KNOXVILLE--The increasing use of video games is often blamed for children's lack of interest in physical activity, but a study by the University of Tennessee, Knoxville, recently published in the Games for Health Journal suggests that active video games may actually be a source of moderate or intense physical activity in children five to eight years old.
"Our study shows video games which wholly engage a child's body can be a source of physical activity," said Hollie Raynor, director of UT's Healthy Eating and Activity Laboratory and associate professor of nutrition. "Previous studies investigating active video games had not investigated the energy expenditure of these games as compared to unstructured outdoor play. The purpose of the study was to compare energy expenditure to unstructured outdoor play."
Children between the ages of five and eight years old were given three accelerometers--one for the hip and one for each wrist. The accelerometers on the wrists were placed to better assess upper-body movement, which may be very different in outdoor play compared with playing an active video game.
During a three-week period, each child engaged in one active video gaming session and one unstructured outdoor playtime. Each session lasted 20 minutes, and participants could stop and rest at any point.
The outdoor play session took place on a playground with two grassy areas, a small paved area, a climbing tree, hula hoops, playground equipment and an assortment of balls. Children were allowed to participate in any type of activity.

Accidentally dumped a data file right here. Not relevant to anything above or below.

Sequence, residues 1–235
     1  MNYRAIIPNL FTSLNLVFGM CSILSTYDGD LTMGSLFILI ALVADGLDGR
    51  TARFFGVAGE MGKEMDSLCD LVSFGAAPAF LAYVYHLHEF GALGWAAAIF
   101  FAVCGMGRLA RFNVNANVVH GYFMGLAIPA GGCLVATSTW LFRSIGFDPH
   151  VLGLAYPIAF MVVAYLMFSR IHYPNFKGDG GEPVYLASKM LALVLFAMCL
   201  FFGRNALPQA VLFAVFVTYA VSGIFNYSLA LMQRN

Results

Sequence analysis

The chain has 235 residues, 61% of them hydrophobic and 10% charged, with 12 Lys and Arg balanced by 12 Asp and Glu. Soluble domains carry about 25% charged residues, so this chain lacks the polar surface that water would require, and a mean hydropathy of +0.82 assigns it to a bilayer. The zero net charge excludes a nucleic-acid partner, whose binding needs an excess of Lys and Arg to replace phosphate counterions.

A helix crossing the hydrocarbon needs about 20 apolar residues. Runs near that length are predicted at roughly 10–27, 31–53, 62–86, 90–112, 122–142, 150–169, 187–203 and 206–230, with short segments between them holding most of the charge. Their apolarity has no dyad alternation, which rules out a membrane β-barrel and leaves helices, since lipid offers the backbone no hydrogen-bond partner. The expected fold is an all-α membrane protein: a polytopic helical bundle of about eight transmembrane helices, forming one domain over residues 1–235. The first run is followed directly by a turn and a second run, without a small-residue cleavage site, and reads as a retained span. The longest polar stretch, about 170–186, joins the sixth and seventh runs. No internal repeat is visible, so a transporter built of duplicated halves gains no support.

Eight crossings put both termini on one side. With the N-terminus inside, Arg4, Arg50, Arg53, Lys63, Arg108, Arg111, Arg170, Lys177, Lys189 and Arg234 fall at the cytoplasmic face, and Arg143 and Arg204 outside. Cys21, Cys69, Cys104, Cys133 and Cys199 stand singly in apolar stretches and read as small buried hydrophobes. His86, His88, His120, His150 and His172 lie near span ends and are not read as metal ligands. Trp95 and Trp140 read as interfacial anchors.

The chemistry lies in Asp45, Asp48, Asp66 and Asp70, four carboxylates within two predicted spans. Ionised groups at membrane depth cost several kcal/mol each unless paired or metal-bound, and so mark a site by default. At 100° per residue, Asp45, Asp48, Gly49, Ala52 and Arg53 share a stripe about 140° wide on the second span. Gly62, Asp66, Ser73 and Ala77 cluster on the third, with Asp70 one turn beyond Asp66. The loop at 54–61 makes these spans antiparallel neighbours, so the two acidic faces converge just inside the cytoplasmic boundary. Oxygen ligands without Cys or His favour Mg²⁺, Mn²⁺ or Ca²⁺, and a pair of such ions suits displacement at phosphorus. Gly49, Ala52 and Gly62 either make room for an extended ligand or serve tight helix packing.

The active video gaming session took place with a 40-inch television and the Xbox 360 Kinect, a controller-free gaming system that incorporates the whole body in the game through motion sensors and skeletal tracking. The Kinect Adventures River Rush video game was selected for the study as it involves total body participation, requires no special set of skills to play and was rated E for everyone, by the Entertainment Software Rating Board.
Trained observers used the Children's Activity Rating Scale to record activity levels, and estimated energy expenditure was reported in minute-by-minute counts.
A significant difference between active video gaming and outdoor play was found for the accelerometer located on the hip of participants, with active video gaming having a greater percentage of moderate to vigorous intensity than unstructured outdoor play.
These findings suggest that active video games may be a good source of physical activity for younger children.
"The strengths of the UT study include the use of two measurement tools considered to be very accurate at measuring activity," said Raynor. "No one else has used measures with this degree of accuracy in comparing active video gaming with outdoor play in young children. We're not saying video games should replace outdoor play, but there are better choices people can make when choosing the types of video games for their children."
The U.S. Department of Health and Human Services recommends that children participate in at least 60 minutes of moderate- to vigorous-intensity physical activity each day.
For more information about UT's Healthy Eating and Activity Laboratory, visit http://nutrition.